Celebrating the largest vessel to berth on Nigeria’s waters

HISTORY, said the reports, was made on Sunday, August 15, at the Onne Port in Rivers State.  The reason: a leading container terminal operator, the West Africa Container Terminal (WACT), received the largest container ship ever to berth at any Nigerian port. The huge ship, Maersk Stadelhorn, boasting an overall length of 300 metres and a 48.2 metre beam, has the capacity to carry about 10,000 twenty equivalent units (TEU) of containers. Previously, the regular container ships calling at Nigerian ports were those in the class of WAFMAX, with a maximum capacity of 4,500 TEU. And so officialdom quickly rolled out the drums. “We are excited at this historic achievement. We thank the Nigerian Ports Authority for dredging the channels and for professionally piloting the vessel to the port. Without the effort, support and approval of NPA, this would not have been possible,” Country Manager of APM Terminals Nigeria, Klaus Laursen, enthused.

In addition to the NPA’s support, Laursen said, the huge investment by APM Terminals in WACT also made it possible for the terminal to upgrade its services with modern cargo handling equipment to be able to handle very large container carriers. “The feat recorded here at WACT is impressive. The significance of this development is that even the ports in Lagos will now have to try and catch up with the new standards set by WACT. It is also important to mention that this is happening at this critical time when the economies of the world are facing a lot of challenges due to the COVID-19 pandemic. This is a mark of confidence in the Nigerian economy. We are saying that in spite of COVID-19, the Nigerian economy is strong and will continue to be buoyant. The COVID-19 challenges are temporary, and the economy will certainly record positive growth in the nearest future,” Laursen noted.

On his part, the Managing Director, West Africa Container Terminal, Aamir Mirza, stated: “Over the last four years, we have continued the journey to develop our business by investing in our people and container handling equipment and our handling this vessel is in line with our vision to make WACT the best performing container terminal in West Africa.” Mirza added that by successfully handling the 10,000 TEU vessel, the terminal operator had “once again proved to all our customers that WACT is capable of competing with other ports in Nigeria and West Africa”. The Commercial Manager of WACT, Noah Sheriff, noted that the terminal had become the gateway to eastern Nigeria and a strong alternative to ports in Lagos over the years with the multimillion dollar investment made in information technology and modern cargo handling equipment. His words: “This is a positive development for Onne Port and the entire business community because large vessels come with many benefits for authorities, liner customers, and landside customers. Before now, it would be difficult to imagine that such a humongous ship could berth in Nigeria, but here we are with the ship at our berth. We must thank the Nigerian Ports Authority for the dredging of the channel to make it possible for this ship to come in. The NPA managing director has indeed been very supportive.”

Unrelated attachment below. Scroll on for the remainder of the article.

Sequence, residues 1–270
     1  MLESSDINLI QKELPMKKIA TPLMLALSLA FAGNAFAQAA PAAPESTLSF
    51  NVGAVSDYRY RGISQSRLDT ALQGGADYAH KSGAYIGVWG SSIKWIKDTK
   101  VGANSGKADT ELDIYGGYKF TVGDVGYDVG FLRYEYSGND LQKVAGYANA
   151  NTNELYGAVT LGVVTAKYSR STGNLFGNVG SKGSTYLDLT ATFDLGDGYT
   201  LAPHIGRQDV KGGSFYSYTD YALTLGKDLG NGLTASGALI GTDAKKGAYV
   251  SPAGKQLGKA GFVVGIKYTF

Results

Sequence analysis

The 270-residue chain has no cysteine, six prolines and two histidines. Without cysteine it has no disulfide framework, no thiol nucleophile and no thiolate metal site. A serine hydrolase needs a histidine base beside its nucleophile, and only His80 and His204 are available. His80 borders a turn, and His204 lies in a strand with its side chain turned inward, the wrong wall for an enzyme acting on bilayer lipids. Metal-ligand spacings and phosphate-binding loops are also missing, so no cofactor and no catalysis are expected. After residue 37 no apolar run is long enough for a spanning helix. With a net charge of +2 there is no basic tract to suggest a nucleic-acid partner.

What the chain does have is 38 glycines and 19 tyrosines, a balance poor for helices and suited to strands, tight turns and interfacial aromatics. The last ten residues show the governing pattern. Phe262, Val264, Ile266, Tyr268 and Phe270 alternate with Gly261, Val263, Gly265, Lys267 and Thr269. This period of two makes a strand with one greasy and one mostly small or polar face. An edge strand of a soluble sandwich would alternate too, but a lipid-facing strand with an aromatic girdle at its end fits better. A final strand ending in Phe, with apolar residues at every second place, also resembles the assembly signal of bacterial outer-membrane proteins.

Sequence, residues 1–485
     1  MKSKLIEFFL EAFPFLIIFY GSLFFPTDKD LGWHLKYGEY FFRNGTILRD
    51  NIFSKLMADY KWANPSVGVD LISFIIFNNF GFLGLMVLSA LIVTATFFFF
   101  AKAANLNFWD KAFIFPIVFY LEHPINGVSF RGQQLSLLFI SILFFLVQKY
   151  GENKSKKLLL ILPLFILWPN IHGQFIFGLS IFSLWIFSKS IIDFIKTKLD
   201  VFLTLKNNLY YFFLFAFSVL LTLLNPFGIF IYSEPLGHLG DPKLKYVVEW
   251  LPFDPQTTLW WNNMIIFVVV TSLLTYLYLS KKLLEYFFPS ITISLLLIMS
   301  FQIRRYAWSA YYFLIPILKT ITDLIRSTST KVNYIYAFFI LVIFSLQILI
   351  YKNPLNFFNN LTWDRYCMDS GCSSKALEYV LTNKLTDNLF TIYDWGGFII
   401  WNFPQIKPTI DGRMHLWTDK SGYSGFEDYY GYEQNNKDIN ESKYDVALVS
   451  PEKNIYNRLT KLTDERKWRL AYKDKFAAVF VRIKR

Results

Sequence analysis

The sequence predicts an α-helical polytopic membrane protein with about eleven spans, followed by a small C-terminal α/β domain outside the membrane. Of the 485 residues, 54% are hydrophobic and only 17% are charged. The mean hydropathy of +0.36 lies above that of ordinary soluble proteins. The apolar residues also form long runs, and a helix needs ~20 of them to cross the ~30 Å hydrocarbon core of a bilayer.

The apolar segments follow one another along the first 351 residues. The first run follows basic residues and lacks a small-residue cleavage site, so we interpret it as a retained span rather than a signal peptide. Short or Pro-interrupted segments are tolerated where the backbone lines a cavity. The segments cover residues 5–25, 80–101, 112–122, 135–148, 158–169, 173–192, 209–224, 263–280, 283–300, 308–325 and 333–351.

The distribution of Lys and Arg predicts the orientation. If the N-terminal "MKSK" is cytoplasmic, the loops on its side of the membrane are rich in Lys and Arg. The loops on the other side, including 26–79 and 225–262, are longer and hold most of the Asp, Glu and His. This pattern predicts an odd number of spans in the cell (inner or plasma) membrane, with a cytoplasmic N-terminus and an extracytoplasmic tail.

Following the feat, a chieftain of the ruling All Progressives Congress (APC), Chief Chukwuemeka Eze, applauded President Muhammadu Buhari and the Minister of Transportation, Rotimi Amaechi, for always placing national interests above personal interests.  But we are clinking no glasses over the latest development. In case the current tenants in the corridors of power have forgotten, the country wasn’t always a dumping ground. It was Chief Obafemi Awolowo’s policy, when he managed Nigeria’s finances, that no ship coming to Nigeria should return empty. And so we must ask: what did Maersk Stadelhorn take back home as it made its majestic exit from Nigeria’s shores? What did the great ship take back home that added to Nigeria’s GDP? Nigerian importers, reports say, are forced to pay double because ships coming to Nigeria take nothing back. For how long will Nigeria remain a dumping ground for other nations? What’s wrong with being a producer nation?

We are not excited by the current one-way traffic: the country must embrace production. It has the potentiality, human and material, to be a production and manufacturing hub. It should live up to the responsibilities of Black Africa’s most populous nation. There will be a lot to celebrate when it does.


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